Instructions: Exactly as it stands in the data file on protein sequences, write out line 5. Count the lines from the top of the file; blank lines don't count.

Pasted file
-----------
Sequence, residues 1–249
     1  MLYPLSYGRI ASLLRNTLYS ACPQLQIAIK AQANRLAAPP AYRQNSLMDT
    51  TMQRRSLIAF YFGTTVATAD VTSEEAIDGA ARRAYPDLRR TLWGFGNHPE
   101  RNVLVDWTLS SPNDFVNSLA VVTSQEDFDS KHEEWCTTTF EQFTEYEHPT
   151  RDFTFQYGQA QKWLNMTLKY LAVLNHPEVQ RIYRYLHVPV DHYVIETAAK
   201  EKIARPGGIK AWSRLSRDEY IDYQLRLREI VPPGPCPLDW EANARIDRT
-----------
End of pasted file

   151  RDFTFQYGQA QKWLNMTLKY LAVLNHPEVQ RIYRYLHVPV DHYVIETAAK